12,352.35-3.15
Stock Analysis, IPO, Mutual Funds, Bonds & More

It may all hinge on if it pleases Alexa

Being polite to virtual assistants will soon be as critical as being so to Jeeves.

ET Bureau|
Oct 09, 2019, 08.09 AM IST
0Comments
It requires very little intelligence (artificial or otherwise) to realise what the recent viral video of a child purportedly saying ‘Alexa’ as its first intelligible word rather than the usual Ma or Ba indicates. Machines are an heir’s breadth away from challenging us for equality and, eventually, supremacy. The question of whether Baby should listen to Mummy or Alexa first is not far off. So, the current debate about whether children need to be polite to ‘virtual assistants’ (VAs) clearly has an underlying motive: to establish the social hierarchy of humans and machines. We do not say ‘please’ or ‘thank you’ to appliances or internet search engines, both of which provide crucial services; so why should VAs be treated differently? Simply because VAs converse with us, it would seem. All kinds of smart machines ‘talk’ in the Internet of Things, albeit only to each other and that too not in a way we hear or understand — so we can pretend ignorance.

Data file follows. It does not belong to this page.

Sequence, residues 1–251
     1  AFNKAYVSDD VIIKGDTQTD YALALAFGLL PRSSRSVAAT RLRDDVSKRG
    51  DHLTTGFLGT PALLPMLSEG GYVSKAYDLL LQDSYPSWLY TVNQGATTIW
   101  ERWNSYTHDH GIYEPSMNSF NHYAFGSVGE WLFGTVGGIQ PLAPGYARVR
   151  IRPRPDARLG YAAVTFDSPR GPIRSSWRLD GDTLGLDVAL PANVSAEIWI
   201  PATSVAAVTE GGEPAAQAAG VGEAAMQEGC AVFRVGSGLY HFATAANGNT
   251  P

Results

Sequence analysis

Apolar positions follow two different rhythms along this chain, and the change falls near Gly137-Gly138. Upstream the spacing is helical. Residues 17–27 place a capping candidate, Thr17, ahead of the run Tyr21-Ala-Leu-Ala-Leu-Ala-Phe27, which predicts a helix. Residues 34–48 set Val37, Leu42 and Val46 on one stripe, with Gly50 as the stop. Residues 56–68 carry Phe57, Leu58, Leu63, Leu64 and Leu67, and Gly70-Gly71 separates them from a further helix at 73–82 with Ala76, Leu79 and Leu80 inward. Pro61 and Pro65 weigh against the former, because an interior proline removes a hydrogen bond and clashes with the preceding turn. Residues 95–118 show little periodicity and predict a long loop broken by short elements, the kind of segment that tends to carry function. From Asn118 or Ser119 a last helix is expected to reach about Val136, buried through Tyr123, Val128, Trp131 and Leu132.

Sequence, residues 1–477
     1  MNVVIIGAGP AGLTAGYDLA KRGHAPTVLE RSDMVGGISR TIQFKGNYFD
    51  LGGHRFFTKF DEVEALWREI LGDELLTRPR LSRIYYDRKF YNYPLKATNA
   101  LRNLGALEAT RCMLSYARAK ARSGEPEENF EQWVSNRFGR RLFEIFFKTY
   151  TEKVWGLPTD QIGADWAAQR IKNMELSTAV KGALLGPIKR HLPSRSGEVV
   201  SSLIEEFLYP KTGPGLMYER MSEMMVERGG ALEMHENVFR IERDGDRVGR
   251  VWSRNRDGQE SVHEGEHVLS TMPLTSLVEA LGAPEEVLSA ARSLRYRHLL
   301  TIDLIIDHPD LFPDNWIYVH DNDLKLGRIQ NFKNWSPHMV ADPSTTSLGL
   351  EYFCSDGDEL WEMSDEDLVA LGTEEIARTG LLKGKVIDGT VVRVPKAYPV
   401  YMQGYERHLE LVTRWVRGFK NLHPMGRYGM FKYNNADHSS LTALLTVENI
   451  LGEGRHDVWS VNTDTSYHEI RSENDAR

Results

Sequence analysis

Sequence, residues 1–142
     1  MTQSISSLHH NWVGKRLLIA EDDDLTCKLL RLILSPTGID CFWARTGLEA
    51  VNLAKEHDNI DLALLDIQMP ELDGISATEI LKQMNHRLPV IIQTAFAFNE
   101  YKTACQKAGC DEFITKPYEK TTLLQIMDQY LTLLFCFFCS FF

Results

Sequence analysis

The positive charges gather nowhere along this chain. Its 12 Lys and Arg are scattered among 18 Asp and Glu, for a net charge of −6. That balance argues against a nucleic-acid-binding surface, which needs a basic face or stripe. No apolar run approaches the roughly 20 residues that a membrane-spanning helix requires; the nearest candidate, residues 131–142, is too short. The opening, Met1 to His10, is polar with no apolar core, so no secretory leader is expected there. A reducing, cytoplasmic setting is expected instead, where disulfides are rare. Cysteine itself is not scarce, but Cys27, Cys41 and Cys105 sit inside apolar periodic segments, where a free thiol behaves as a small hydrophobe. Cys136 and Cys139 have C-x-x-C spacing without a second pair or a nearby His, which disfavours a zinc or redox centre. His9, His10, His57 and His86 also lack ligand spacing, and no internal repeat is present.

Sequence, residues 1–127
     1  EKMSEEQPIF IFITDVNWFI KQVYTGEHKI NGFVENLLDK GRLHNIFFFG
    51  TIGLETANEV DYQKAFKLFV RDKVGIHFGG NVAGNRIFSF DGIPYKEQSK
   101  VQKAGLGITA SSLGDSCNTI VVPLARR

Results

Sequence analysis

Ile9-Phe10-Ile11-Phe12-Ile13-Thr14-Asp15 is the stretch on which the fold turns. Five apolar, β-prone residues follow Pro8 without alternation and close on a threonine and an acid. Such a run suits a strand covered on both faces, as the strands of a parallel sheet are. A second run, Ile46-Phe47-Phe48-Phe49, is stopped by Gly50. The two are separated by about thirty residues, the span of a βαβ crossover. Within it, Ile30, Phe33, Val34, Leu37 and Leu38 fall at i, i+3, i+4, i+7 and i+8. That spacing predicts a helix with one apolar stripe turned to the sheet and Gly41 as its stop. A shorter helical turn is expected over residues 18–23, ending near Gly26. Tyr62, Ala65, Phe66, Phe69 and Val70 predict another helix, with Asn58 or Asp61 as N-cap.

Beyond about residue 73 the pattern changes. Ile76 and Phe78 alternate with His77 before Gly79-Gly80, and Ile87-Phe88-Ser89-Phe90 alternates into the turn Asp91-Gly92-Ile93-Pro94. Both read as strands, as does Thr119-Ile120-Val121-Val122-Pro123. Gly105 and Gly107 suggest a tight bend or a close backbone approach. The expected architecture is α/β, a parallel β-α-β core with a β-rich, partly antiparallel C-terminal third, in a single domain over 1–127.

The moot question, however, is whether children would be able to understand why it is all right (or not) to not mind Ps and Qs with a talking machine and talking humans. Once AI becomes sentient, it will understand the concept of politeness and Alexa testily refusing to perform a task without a ‘please’ could well be the first indication that AI is finally becoming human.

Also Read

Alexa, tell the kids to‘eat right’: FSSAI

Privacy at stake? Amazon could be eavesdropping on user conversations to make Alexa smarter

Festive-ready: Amazon Alexa will now listen to commands in Hindi, Hinglish

Indian linguistic diversity challenged Alexa to be better: Amazon executive

Comments
Add Your Comments
Commenting feature is disabled in your country/region.

Popular Categories


Other useful Links


Copyright © 2020 Bennett, Coleman & Co. Ltd. All rights reserved. For reprint rights: Times Syndication Service